At 8 a.m. Sunday, May 22, a group of about 40 students, some having just finished their final exams, gathered at the Outing Club to head out for a remote Maine town called The Forks.
The students then spent three days at Indian Pond campground learning how to lead pre-orientation trips for incoming first-year students. These end-of-summer trips—in which first-years are split into groups of 8 or 10 to go hiking, backpacking, canoeing, whitewater rafting, etc. before starting college in September—are students’ first experiences of Bowdoin, and for some of them, of Maine.
Orientation trip leaders are taught “hard skills,” like how to light a camping stove, treat a blister, and tie a knot, and “soft skills,” such as how to coax a shy student to feel part of a group, or the best way to quell first-year worries about classes, parties, and living with roommates.
This group of 40 makes up about one-third of pre-orientation trip leaders; the rest are students who have already had training and experience leading outdoor trips.
The Outing Club receives more applications for orientation trip leaders than it has positions. In total, it selects about 110 volunteer leaders each year. “I think a lot of students want to pay forward the great experience they had on their pre-o trip,” Sarah “SJ” Johnson ’14 said. She is the Outing Club’s assistant director. “They felt the orientation trip was a great first experience and a great way to get to know Bowdoin.”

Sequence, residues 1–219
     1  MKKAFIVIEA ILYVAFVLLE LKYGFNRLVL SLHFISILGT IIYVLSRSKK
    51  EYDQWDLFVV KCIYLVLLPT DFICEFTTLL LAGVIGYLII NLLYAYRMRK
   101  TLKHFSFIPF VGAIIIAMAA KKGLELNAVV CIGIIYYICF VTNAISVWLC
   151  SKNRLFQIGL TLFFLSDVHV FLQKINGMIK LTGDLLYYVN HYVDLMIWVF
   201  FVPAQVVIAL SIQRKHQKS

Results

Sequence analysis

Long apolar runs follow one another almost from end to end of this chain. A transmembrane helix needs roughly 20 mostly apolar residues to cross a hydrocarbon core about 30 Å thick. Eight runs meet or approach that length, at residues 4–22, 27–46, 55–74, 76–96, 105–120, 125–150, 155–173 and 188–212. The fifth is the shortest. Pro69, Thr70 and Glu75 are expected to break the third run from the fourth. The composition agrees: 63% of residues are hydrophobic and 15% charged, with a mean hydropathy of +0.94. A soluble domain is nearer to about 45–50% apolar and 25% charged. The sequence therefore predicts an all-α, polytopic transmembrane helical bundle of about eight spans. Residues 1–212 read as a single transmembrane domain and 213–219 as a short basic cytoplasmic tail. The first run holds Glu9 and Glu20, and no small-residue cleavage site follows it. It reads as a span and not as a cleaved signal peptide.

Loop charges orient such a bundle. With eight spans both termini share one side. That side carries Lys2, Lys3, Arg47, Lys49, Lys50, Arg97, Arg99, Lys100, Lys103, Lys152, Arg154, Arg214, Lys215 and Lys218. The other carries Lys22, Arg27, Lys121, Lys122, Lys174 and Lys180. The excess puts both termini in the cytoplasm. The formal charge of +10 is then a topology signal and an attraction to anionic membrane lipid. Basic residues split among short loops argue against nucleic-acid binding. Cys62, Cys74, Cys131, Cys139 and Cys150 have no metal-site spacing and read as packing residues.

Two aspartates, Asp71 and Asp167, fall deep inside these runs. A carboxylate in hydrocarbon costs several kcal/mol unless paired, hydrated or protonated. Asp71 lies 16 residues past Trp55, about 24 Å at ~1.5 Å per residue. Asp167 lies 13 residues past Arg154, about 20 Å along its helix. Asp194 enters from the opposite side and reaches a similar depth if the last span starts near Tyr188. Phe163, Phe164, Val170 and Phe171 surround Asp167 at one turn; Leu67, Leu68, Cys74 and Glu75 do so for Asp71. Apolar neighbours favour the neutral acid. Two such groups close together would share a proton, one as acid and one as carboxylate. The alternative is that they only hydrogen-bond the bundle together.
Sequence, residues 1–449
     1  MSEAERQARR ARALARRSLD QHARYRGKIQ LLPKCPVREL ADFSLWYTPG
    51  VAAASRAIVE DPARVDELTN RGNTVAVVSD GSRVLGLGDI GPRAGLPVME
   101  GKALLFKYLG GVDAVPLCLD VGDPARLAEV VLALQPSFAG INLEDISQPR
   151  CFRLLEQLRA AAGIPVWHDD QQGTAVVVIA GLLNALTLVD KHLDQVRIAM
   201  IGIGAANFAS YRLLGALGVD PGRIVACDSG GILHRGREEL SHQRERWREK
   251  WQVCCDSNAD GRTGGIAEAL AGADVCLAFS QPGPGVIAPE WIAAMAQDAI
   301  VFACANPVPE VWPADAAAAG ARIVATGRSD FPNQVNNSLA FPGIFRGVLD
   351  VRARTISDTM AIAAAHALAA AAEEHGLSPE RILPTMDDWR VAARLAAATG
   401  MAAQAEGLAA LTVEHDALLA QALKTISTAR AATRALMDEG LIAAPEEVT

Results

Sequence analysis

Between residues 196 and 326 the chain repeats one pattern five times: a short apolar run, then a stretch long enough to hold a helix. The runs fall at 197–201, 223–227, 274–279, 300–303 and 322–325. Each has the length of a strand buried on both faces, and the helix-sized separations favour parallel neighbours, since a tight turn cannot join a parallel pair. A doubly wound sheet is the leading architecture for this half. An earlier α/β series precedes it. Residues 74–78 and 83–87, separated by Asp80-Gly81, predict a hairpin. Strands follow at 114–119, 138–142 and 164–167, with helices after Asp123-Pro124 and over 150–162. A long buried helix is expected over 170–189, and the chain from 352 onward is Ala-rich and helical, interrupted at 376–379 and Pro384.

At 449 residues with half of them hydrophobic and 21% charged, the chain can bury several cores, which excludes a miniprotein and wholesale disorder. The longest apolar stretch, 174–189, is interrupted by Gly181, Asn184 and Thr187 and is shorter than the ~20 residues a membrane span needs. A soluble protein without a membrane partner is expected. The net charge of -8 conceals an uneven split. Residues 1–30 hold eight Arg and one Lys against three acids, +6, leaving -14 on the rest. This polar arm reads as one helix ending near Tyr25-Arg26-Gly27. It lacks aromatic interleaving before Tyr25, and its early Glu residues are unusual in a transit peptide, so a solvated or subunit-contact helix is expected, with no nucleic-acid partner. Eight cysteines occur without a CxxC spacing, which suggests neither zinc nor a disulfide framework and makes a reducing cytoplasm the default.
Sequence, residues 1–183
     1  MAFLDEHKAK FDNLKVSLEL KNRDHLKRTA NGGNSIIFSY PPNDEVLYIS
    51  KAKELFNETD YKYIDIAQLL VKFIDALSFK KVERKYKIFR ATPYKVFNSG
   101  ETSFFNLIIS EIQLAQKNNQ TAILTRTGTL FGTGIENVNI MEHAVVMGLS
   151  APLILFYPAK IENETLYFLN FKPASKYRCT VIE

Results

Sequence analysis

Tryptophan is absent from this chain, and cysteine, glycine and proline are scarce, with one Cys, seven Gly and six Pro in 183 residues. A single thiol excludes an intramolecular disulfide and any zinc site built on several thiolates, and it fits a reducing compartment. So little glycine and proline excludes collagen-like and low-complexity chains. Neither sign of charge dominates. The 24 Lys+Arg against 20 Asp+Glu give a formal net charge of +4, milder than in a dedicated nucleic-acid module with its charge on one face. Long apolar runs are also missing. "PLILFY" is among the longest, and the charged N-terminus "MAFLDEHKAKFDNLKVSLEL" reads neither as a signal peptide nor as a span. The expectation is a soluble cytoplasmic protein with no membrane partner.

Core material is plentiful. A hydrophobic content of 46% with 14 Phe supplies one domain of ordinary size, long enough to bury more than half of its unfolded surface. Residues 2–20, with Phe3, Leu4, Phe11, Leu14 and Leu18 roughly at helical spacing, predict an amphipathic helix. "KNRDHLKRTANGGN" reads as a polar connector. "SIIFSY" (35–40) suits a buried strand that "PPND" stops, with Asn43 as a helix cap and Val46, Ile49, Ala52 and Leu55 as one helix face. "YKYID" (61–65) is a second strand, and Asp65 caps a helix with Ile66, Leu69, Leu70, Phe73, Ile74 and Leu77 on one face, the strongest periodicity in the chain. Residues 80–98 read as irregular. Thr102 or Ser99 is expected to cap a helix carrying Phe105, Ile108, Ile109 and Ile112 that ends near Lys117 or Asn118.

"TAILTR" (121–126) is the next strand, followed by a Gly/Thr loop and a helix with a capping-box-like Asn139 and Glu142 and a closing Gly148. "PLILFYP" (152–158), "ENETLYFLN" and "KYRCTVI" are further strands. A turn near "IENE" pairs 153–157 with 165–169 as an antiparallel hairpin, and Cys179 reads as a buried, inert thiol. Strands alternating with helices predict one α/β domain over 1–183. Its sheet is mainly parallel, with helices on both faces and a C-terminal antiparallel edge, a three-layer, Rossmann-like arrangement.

Johnson and three students led the training at Indian Pond — Carina Spiro ’18, Olivia Bean ’17, and Connor Phillips ’17. Johnson taught canoeing skills. Bean taught camping skills. Phillips taught stand-up paddle boarding, and Spiro taught hiking skills. Those activities are part of almost every pre-orientation trip.
“We make them feel confident in the skills and confident in teaching other people these skills,” Johnson explained.
At the campfire in the evening, the four leaders covered some of the softer skills, such as how to reassure first-year students that Bowdoin is accessible to everyone, no matter their interests. (However, group dynamics will be taught in more depth when the trip leaders convene again in August.)
“Our job is to get the first-years excited about coming to this really awesome place,” Spiro explained.
Bean, who will be working all summer for the Outing Club to coordinate the pre-orientation trips, said she began falling in love with the outdoors during her own pre-o trip canoeing in Merrymeeting Bay and camping on Swan Island. Bean, who is from Cleveland, Ohio, admitted that she had asked for a tamer pre-o trip doing community service. But she loved her outdoor adventure so much that she completed leadership training later in the year and led her first pre-o trip last fall—the same canoeing trip on Merrymeeting Bay.
Phillips, too, is working with the Outing Club this summer to help organize the pre-o trips. He said one of the big reasons he came to Bowdoin was for its outing club. “I love doing and organizing outdoor trips,” he said. “This is a great way for me to do that and to get other people into it, as well.”
The leadership training at Indian Pond concluded with a celebratory raft trip. When the group returned to Bowdoin on Thursday, they began wilderness first-aid training.
“They’ve said they’ll be thinking about orientation trips all summer,” Johnson said.
Photos below are of the three-day leadership training in The Forks, May 22-25, 2016